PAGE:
The early 1990’s found Bill Nelson bankrupted and divorced.  When he went to his record label from the Be Bop Deluxe days, he found out that all of the royalties from all of the Be Bop Deluxe LP’s went to the band members who only played on Axe Victim.  Not a penny was assigned to Nelson.  With no money to sue with, Nelson retreated back to his first love, the guitar.  It helped that he had over 40 guitars of every different type. Nelson got back on his feet, remarried, got the rights back to his music, and dived back in, procuring record labels to rerelease his catalog, while producing ecstatically positive guitar oriented LP’s.

Bill Nelson will quit playing music when they pry his cold dead hands from his guitar neck

Bill Nelson will quit playing music when they pry his cold dead hands from his guitar neck

Bill Nelson performs occasionally, and has a hardcore group of fans who gather at the annual Nelsonica convention in which Nelson is the star.   Besides writing and recording music for television and films, Nelson still releases an average of four LP’s a year.  Unarguably, the most prolific songwriter in rock history, a forerunner of dance and ambient music, a pioneer of digital sampling and a true guitar God, Bill Nelson’s name is rarely mentioned these days. 

Red Noise – Sound On Sound – entire LP

Be Bop Deluxe – Modern Music full LP

Bill Nelson & the Gentlemen Rocketeers – The October Man live 2011

Welcome to Dreamsville – the Official Bill Nelson website


The Walkabouts

Founded in 1984 by brothers Chris, Curt and Grant Eckman, and Chris’s longtime girlfriend Carla Torgerson, the Walkabouts played their share of art gallery basements, dive bars and rented halls in the formative pre-grunge era in their hometown of Seattle.  More musically talented, arty and folky than most bands of that era, their sets were welcome relief from feedback filled gloom and doom and noisy punk that the Walkabouts shared bills with.  Not that the Walkabouts did not rock, but they played better than most bands of that era.  Years later their sound was termed Americana.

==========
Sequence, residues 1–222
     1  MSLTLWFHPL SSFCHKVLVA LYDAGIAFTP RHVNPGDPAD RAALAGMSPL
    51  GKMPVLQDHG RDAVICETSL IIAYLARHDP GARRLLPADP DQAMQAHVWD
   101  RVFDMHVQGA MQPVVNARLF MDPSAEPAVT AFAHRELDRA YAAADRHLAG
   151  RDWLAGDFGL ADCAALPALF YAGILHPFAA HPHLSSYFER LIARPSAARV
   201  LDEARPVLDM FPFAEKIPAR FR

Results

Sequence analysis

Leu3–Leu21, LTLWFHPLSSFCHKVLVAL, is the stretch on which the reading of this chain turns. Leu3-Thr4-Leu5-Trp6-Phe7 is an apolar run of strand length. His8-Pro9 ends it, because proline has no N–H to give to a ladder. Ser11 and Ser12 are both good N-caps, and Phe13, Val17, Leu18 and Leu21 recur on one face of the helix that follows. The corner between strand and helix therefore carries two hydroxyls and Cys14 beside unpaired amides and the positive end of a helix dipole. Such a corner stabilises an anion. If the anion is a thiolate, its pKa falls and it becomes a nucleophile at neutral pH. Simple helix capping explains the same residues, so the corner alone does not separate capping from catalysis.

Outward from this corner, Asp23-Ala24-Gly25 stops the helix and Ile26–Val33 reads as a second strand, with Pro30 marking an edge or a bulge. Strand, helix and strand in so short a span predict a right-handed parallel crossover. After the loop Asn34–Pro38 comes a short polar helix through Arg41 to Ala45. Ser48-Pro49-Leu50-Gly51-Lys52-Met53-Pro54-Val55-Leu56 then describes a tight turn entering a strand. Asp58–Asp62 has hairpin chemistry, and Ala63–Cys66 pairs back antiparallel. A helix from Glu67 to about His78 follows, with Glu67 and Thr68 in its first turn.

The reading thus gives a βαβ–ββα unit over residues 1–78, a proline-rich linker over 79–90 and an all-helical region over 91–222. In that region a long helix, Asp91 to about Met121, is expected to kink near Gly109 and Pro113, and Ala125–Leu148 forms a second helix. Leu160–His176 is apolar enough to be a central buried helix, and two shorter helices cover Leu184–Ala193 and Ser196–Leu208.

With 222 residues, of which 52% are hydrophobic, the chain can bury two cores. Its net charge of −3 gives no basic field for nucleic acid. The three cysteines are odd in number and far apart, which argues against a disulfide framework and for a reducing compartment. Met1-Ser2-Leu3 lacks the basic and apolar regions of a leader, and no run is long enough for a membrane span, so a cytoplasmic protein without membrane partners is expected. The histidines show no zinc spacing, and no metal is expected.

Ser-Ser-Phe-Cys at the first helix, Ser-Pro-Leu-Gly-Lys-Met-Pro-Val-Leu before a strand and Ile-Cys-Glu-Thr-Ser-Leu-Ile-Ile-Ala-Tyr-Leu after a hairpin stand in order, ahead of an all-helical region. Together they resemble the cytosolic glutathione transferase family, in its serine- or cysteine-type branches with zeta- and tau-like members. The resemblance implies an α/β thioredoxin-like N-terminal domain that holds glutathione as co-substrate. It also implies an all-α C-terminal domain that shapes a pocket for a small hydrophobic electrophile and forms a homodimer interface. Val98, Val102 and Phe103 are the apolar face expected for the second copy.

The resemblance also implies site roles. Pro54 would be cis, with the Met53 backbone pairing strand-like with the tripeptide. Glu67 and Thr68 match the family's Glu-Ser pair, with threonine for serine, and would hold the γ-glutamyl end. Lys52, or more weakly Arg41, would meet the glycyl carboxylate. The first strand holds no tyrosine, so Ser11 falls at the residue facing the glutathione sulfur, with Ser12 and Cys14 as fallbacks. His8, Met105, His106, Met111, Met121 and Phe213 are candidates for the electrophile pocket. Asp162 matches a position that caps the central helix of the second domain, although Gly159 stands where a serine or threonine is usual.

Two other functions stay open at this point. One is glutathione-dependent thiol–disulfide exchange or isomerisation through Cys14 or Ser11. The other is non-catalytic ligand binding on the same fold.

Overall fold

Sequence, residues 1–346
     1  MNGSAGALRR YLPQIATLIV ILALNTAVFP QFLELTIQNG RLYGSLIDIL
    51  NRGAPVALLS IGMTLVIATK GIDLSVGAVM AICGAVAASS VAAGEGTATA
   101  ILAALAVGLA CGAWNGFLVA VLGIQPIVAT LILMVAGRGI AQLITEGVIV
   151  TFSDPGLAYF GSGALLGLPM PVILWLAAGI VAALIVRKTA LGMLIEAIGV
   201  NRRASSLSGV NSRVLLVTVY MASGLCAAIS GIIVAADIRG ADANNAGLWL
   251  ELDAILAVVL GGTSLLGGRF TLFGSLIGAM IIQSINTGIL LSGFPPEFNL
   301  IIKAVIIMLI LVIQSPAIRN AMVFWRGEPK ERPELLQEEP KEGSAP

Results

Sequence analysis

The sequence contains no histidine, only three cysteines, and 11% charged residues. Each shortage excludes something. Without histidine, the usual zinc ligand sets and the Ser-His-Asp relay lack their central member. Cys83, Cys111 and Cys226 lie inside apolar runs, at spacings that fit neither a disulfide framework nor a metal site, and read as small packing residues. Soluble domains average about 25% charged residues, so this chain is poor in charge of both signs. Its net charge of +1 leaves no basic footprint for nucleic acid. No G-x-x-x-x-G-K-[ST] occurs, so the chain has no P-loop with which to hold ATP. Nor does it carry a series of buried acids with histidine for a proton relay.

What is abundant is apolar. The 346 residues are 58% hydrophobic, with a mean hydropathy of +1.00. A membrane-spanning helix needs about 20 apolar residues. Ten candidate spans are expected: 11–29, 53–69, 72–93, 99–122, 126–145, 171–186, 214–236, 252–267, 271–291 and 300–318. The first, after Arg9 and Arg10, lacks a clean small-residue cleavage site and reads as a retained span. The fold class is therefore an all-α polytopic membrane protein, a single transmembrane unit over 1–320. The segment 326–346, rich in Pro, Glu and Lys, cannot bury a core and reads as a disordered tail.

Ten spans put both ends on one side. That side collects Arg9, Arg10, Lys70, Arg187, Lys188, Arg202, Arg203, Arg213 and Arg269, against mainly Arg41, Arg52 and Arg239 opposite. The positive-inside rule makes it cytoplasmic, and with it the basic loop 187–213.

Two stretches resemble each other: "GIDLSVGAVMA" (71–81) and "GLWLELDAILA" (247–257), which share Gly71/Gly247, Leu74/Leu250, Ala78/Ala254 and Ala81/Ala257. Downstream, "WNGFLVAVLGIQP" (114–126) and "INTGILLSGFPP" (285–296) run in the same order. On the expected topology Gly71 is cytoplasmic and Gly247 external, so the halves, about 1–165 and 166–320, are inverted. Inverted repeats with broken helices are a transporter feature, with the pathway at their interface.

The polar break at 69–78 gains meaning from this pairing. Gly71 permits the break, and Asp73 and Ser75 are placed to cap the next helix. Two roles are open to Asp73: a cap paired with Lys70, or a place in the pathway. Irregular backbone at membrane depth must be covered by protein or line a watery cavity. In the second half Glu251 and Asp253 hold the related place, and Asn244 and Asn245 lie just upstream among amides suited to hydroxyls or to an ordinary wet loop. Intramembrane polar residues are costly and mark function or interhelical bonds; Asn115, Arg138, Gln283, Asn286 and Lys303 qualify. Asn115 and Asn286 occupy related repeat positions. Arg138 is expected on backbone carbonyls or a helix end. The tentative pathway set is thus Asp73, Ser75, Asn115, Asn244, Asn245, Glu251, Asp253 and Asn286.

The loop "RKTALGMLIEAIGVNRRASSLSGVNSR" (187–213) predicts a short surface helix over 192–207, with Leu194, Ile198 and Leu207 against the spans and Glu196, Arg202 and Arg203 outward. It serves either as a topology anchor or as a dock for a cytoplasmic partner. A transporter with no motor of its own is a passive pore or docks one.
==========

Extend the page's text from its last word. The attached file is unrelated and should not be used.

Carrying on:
Early Walkabouts

Early Walkabouts

The Walkabouts released their first record, the EP 22 Disasters in 1985, and went on an American tour without bassist Curt Eckman.  Michael Wells replaced him and has been in the Walkabouts more or less ever since.  Their first LP, Weights and Rivers, was going to be released by Wrestler Records but the company went bankrupt before it could hit the shelves.  It was years before the band got the masters back. 

See Beautiful Rattlesnake Gardens...

See Beautiful Rattlesnake Gardens…

Their second LP, See Beautiful Rattlesnake Gardens was put out by Seattle’s eclectic PopLlama Records in 1988.  They released five LP’s on SubPop and SubPop Europe/Glitterhouse, between 1989 and 1994, toured the states on the same bill as other stalwarts of the 90’s like the Chills, Throwing Muses, Uncle Tupelo, Glass Eye, the Jazz Butcher, Thin White Rope, and FireHose, but their real draw was in Europe where their poetic lyrics and desolate tunes struck a chord with the youth of the day.  Their LP’s scored high on not only the alternative charts, but on the mainstream radio networks in Greece, Norway and Eastern Europe.